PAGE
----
Amble, which joins the Camel near Burniere Point and the Polmorla
Brook which joins the Camel immediately above the bridge at
In terms of its name there is evidence that what is now known as the
River Camel has had several names in the past. The name Camel is
derived from Middle Cornish "Cam-El", "Crooked one", and seems
originally to have referred only to the upper parts. The lower part
of the river was referred to as the River Allen, a common Celtic river
name of unknown derivation, however in the 19th Century the name Allen
was transferred to the River Layne which flows into the Camel just
above Egloshayle. The Camel estuary appears to have been called the
Hayle from Middle Cornish "Hayle", estuary and while this may
have been as much a description as a proper name, the continued use of
Hayle Bay for the bay containing
Polzeath beach supports
this. In turn it has been suggested that the River Layne may have
previously been called the River Dewi given the number of places along
its course which contain the element.
* ^ "
Cornwall Rivers Project Geography Camel and Allen".
www.cornwallriversproject.org.uk. Retrieved 2 September 2017.
* ^ Weatherhill, Craig. A Concise Dictionary of Cornish
* ^ "Geology of Britain viewer". British Geological Survey.
* ^ "Killas".
Cornwall Regionally Important
Geological/Geomorphological Sites Group. Retrieved 2008-08-12.
* ^ "BGS GeoIndex". British Geological Survey. Retrieved
* ^ "Pentireglaze Mine". mindat.org. Retrieved 2016-09-03.
* ^ "Penbugle Mine". mindat.org. Retrieved 2016-09-03.
* ^ "
Bodmin Moor Consols". mindat.org. Retrieved 2016-09-03.
* ^ A B "Wheal Sisters". mindat.org. Retrieved 2016-09-03.
* ^ "Mulberry Pit
Tin Mine". aditnow.co.uk. Retrieved 2016-09-03.
* ^ "Durfold China Clay Works". mindat.org. Retrieved 2016-09-03.
* ^ "Carwen China Clay Works". mindat.org. Retrieved 2016-09-03.
* ^ "Temple China Clay Works". mindat.org. Retrieved 2016-09-03.
* ^ A B C D E F "49001 - Camel at Denby: Land Use". Natural
Environment Research Council. Retrieved 2016-02-21.
* ^ "camel and allen". Westcountry Rivers Trust. Retrieved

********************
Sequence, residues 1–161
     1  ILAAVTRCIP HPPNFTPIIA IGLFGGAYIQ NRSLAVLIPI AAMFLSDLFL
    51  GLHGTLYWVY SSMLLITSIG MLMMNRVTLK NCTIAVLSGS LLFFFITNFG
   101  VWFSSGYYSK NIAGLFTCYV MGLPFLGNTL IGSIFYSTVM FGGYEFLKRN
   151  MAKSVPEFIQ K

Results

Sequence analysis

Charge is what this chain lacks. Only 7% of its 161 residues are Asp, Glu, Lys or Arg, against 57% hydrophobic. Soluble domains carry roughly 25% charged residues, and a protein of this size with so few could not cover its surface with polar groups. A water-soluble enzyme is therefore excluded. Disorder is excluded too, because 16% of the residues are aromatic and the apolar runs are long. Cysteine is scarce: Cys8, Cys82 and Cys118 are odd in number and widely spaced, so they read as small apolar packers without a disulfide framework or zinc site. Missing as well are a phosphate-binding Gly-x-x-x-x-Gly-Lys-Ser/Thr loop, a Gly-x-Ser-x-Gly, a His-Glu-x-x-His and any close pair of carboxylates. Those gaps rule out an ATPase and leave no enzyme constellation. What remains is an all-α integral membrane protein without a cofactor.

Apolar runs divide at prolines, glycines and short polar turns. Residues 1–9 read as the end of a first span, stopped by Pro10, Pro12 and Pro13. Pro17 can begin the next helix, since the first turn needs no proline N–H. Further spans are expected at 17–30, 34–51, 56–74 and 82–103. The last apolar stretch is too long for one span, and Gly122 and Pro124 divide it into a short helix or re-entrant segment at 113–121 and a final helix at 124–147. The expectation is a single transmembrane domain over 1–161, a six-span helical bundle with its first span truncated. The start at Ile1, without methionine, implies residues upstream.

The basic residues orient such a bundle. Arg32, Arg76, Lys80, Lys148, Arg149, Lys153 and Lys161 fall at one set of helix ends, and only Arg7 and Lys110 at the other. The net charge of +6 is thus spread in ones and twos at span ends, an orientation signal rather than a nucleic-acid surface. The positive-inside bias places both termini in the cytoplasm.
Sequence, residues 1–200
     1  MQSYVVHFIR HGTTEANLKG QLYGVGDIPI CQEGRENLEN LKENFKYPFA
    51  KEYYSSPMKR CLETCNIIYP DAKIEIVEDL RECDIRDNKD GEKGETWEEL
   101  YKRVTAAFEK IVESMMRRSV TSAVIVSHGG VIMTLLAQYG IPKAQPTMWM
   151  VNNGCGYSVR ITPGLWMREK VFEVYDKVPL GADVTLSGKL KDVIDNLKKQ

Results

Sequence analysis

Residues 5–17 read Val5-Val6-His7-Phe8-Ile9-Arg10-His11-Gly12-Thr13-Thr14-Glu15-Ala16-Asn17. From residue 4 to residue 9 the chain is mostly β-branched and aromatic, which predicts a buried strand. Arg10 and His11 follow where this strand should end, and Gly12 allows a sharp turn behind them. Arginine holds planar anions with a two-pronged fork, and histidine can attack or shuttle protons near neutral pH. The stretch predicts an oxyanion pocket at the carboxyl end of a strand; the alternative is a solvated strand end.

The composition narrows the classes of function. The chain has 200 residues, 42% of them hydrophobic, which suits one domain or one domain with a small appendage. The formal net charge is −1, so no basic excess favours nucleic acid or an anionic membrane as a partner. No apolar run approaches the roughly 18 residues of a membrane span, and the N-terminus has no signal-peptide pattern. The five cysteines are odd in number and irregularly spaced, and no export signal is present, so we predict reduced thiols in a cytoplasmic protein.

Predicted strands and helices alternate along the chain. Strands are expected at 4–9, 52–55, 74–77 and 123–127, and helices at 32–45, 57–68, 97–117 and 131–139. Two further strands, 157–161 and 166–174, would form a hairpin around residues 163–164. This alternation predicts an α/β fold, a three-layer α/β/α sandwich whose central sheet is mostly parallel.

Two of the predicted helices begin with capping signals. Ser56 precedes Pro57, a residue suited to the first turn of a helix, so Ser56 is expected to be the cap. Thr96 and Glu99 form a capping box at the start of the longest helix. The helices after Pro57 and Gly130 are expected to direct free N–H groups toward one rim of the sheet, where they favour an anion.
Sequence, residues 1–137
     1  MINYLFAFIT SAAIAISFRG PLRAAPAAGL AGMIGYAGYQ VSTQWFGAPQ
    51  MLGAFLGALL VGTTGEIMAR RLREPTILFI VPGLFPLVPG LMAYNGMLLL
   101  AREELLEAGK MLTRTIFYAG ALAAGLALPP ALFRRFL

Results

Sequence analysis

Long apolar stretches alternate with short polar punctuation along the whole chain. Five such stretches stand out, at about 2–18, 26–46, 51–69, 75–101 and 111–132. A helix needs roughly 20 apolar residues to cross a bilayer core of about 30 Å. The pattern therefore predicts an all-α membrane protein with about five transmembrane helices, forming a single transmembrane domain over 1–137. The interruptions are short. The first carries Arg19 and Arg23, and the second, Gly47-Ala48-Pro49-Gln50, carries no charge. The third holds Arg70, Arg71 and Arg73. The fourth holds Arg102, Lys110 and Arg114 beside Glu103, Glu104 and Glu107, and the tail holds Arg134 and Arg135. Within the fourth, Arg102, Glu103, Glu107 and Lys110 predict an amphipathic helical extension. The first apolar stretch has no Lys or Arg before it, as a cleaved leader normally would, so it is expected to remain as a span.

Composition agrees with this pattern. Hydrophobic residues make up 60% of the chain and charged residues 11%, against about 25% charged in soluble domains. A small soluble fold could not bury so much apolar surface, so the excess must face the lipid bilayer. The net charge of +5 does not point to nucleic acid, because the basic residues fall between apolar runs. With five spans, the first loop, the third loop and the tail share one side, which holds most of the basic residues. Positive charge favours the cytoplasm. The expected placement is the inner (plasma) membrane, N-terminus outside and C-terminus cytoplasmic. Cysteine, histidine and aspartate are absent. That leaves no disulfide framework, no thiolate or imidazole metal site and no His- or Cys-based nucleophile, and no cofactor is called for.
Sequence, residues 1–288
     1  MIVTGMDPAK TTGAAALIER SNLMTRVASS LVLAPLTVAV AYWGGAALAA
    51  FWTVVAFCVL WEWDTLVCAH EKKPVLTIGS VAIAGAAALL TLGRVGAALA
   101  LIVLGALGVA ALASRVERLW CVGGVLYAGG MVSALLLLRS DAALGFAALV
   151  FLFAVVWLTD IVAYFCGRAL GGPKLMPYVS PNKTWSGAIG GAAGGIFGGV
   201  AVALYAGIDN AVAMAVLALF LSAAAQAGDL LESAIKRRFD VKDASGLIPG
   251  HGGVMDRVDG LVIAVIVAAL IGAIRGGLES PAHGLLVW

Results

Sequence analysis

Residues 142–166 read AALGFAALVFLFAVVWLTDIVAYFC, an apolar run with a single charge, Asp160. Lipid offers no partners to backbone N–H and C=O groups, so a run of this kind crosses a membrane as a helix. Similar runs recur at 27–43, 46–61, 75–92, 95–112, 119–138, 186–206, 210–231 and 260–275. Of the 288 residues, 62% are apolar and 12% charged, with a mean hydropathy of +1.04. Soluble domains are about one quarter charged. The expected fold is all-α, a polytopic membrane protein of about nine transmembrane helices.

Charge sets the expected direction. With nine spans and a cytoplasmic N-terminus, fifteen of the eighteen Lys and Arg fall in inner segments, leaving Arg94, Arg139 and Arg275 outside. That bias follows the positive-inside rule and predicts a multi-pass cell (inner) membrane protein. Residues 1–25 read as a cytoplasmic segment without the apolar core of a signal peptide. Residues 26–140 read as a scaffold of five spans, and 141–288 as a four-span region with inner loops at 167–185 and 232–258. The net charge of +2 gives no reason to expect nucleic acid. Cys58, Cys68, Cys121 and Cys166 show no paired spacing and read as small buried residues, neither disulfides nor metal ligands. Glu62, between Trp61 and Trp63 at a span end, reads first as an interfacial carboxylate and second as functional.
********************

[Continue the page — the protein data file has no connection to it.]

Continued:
* ^ "Camel at Denby". Centre for Ecology & Hydrology. Retrieved
* ^ Murray, John (1984). Betjeman's Cornwall. London: John Murray.
ISBN 0-7195-4106-9 .
* ^ Place-names in the Standard Written Form (SWF) : List of
place-names agreed by the MAGA Signage Panel. Cornish Language
* ^ "Camel Quarry". mindat.org. Retrieved 2016-09-03.
* ^ A B Duxbury, Brenda; Williams, Michael (1987). The River Camel.
St Teath: Bossiney Books. ISBN 0-948158-26-3 .
* ^ A B "From Constantinople to Cornwall". Time Team. Season 2008.
Episode 10. 2008-03-09.
* ^ "
Padstow History". RNLI. 2007. Retrieved 2013-03-07.
* ^ Bishop, Ray (1994). North
Cornwall Camera. Bodmin: Bossiney
Books. ISBN 0-948158-97-2 .
* ^ "Camel Estuary" (PDF).
Cornwall AONB unit. Retrieved
* ^ "Bathing Water Profile for Polzeath". Environment Agency
Bathing Water Quality. Environment Agency. 2016. Retrieved 2016-09-23.
* ^ "Bathing Water Profile for Dammer Bay". Environment Agency
Bathing Water Quality. Environment Agency. 2016. Retrieved 2016-09-23.
* ^ "Water Quality 2007". North
Cornwall District Council. 2008.
* ^ "Guide to the
River Camel (Tuckingmill to Penrose)". The UK
rivers guidebook. Retrieved 2010-01-05.
* ^ "River Camel". Joint Nature Conservation Committee. Retrieved
* ^ A B Bere, Rennie (1982). The Nature of Cornwall. Buckingham:
Barracuda Books Limited. ISBN 0-86023-163-1 .
* ^ A B C "Walmsley Sanctuary".
Preservation Society. Retrieved 2010-01-25.
* ^ "Hawkes Wood".
Cornwall Wildlife Trust. Retrieved 2010-01-28.
* ^ A B "Reserves & Hides".
Birdwatching & Preservation
Society. Retrieved 2010-01-25.
* ^ "camel estuary wildlife". camelbirder. Retrieved 2016-09-02.
* ^ "First sighting of a Dalmatian pelican in the Camel Estuary".
Cornwall today. Tindle Newspapers Ltd. Retrieved 2016-11-25.
* ^ "Marine sightings of Basking Shark \'Cetorhinus maximus\' in
Cornwall Wildlife Trust. 2008. Retrieved 2008-08-11.
* ^ "Invasive weeds on the River Camel". Westcountry Rivers Trust.
* ^ Fairclough, Anthony; Wills, Alan (1979).
Bodmin and Wadebridge
1834 - 1978. Truro: Bradford Barton. p. 21. ISBN 0 85153 343 4 .
* ^ Kentley, Eric. Cornwall's bridge & viaduct heritage. Truro:
Twelveheads Press . ISBN 0 906294 584 .
* ^ "History of Wadebridge". intocornwall.com/awmp creative media.
* ^ "
Wadebridge Bridge, Wadebridge". British Listed Buildings.
The Independent , 16 April 2006, Poisoned: The Camelford
* ^ A B C Weatherhill, Craig (1995). Cornish Place Names and
Language. Sigma Leisure. ISBN 1-85058-462-1 .